Fourth Important: Handle

Many would go straight for the steel and forgot about this one, but having good handle is just as important as the steel itself, bad handle could make your handle blister in long work (which is very bad in a disaster), or the handle itself could crack, sometimes the bad handle material would give your hand lots of shock in big chopping knife.

Luckily its easy when choosing handle, most people prefer G10 or Micarta, they are near indestructible and will last longer than the steel itself. G10 is made from glass reinforced plastic, it have a plastic feel and resist water very well, while micarta is made of natural canvas, paper, or other material, micarta will absorb water a bit, and will be grippy under wet condition. Notable mention: G10 is slightly durable than micarta. Micarta will develop patina after some use and have a special character, when you look at like and a same knife, you could tell the difference like: yes thats my knife.

Fifth important: Sheath

Lets keep it simple:

Kydex: Good durability, waterproof, most custom sheath maker use kydex. Some kydex will scratch blade, some bad sheath will in contact with edge and dull the blade.

Glass reinforced plastic: Indestructible, but if you like to pull out knife with edge rubbing the sheath, then you would be better just wrapping knife in paper. Glass have high hardness that dull blade, cold steel old sheath have bad design that will dull the blade, but they have remodified the design.

Leather: The old and classic, good looking, some expert will instantly pick this one. Leather need care, and you need to avoid water unless treated with bees wax. Not a good sheath for humid and wet environment. You can also find some very good custom leather sheath maker.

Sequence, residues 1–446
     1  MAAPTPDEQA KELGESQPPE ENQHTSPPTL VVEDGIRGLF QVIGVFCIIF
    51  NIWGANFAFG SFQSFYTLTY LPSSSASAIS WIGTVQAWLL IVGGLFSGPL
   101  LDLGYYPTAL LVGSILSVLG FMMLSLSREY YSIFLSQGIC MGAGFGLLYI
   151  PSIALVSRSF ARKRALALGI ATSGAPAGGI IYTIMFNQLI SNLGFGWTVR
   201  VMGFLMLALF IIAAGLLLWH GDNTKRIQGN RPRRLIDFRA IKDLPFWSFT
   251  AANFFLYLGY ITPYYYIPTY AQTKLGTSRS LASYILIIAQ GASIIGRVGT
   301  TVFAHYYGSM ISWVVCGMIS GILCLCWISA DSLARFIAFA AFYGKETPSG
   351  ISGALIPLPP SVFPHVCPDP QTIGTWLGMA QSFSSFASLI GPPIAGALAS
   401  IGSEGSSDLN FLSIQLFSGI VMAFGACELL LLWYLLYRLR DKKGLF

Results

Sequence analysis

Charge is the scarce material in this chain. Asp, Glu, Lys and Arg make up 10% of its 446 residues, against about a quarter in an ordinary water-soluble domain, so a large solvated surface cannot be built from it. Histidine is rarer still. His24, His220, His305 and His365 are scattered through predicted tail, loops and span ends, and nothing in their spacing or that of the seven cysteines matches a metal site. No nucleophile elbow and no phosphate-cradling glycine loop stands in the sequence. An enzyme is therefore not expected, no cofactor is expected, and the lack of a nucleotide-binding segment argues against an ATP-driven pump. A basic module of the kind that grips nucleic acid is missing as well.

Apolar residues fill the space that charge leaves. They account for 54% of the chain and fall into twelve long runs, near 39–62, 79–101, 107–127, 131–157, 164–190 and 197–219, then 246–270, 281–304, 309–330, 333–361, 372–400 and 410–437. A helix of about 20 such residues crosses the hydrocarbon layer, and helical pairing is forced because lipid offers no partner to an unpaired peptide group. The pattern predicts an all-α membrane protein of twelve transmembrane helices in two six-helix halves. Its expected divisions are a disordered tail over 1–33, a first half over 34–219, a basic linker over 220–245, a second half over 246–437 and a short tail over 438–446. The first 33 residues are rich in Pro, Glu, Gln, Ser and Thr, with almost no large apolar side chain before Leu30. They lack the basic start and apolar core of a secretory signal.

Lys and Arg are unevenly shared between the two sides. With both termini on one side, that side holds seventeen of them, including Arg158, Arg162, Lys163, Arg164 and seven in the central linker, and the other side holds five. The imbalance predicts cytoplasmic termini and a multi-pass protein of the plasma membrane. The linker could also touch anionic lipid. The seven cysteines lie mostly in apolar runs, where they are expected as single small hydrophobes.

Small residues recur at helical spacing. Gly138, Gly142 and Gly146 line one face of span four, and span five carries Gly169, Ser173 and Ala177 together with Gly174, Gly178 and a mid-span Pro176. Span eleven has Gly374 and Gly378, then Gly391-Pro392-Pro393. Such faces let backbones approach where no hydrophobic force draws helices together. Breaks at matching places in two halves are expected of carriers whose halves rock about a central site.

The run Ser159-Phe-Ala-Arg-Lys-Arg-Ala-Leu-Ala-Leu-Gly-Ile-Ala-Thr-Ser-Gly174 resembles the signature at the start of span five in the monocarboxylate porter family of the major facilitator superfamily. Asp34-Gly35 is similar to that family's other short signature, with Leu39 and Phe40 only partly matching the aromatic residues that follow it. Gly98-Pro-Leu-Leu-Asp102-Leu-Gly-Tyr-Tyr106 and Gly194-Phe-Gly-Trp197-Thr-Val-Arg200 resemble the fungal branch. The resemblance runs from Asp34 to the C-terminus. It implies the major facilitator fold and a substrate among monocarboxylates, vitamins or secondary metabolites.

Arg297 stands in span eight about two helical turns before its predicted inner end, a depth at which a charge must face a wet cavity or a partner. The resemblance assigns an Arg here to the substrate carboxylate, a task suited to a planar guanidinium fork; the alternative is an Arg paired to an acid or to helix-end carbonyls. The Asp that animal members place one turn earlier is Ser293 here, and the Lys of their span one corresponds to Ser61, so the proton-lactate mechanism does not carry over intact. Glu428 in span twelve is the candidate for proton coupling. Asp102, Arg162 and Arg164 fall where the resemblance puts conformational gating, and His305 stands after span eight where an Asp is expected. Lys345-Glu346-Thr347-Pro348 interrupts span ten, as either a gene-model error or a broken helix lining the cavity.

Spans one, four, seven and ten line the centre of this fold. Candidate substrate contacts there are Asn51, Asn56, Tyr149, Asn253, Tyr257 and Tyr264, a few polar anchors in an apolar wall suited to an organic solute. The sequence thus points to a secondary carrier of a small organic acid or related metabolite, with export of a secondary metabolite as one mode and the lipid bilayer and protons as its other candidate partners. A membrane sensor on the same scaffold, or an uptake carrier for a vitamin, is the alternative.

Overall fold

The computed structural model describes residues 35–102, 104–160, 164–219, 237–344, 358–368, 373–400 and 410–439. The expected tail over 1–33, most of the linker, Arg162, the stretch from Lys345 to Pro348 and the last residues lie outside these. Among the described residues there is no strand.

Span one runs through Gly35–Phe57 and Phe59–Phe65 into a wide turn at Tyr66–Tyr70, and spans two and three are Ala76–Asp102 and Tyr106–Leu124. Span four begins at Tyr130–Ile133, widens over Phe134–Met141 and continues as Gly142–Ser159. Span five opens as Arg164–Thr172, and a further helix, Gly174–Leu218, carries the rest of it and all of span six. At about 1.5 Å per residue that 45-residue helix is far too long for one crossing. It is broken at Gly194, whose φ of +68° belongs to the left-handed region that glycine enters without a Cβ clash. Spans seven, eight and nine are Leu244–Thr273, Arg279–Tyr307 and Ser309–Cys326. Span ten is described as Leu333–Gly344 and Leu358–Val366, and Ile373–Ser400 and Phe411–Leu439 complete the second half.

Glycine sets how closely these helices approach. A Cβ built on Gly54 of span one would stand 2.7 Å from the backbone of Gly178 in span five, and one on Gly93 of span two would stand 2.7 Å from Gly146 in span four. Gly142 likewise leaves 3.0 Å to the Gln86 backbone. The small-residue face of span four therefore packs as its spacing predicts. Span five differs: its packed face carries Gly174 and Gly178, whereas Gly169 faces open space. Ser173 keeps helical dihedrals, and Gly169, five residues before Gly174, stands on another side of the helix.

Now we have basic understanding (above seems much, but its only basic), we will talk about how to pick a knife for what you intended to use.

You can skip to conclusion below if you don’t want to read this long article.

Best carbon steel: There are lots of best carbon steel, S7 for legendary toughness and shock absorb, 9260 and 5160 for the durability of long blade, but for short-mid size knife, you will want 1095, or even better, Sharon Steel 50110B (1095 cro-van or Carbon V). Carbon steel work best for those who don’t like a long sharpening time, tough as nails when heat treated properly, but will rust very quickly in salt water or left wet. You might not care about rust if you use the knife daily, since most carbon steel knife is coated, the rusted edge will be sharpen and removed by the end of day.

Best stainless steel: I am the one that hate stainless steel, despite years of outdoor experience, I still can’t bring myself to like stainless steel(with the exception of m390/20cv/204p), the only reason to choose stainless is for working in a wet environment. Personally I think m390/20cv/204p is currently the best steel in the market (For the jack of all kind): It has superior edge retention: While not as good as those super hard s125v, you will only need to sharpen after weeks of works. Good corrosion resistant: top tier with H1 in lead (H1 is the only steel that will not rust no matter what you do with it). Ease of sharpening: Super steel is hard to sharpen, but m390 is fairly easy if you not trying to reprofile, ceramic and leather strop work well for normal touch up. Toughness: when properly heat treated, can be as tough as s35vn. If you want slightly tougher than m390, elmax will be the go, with little drawback of slightly less edge retention.

Best semi-stainless steel: Now come to the interesting one: I personally thing the best steel for toughness is cpm-3v, tougher than even 1095 carbon steel, while still offer some corrosion resistant when compared to tougher S7, better edge retention than most carbon steel. Crucible also have some other great steel that could compare to 3v: cpm-4v(or Bohler vanadis 4e) that have lower toughness than 3v but higher edge retention, cpm-m4 is also a notable popular option. Sleipner used in Lionsteel knife is also a good semi-stainless if you can’t get American steel knife for whatever reason.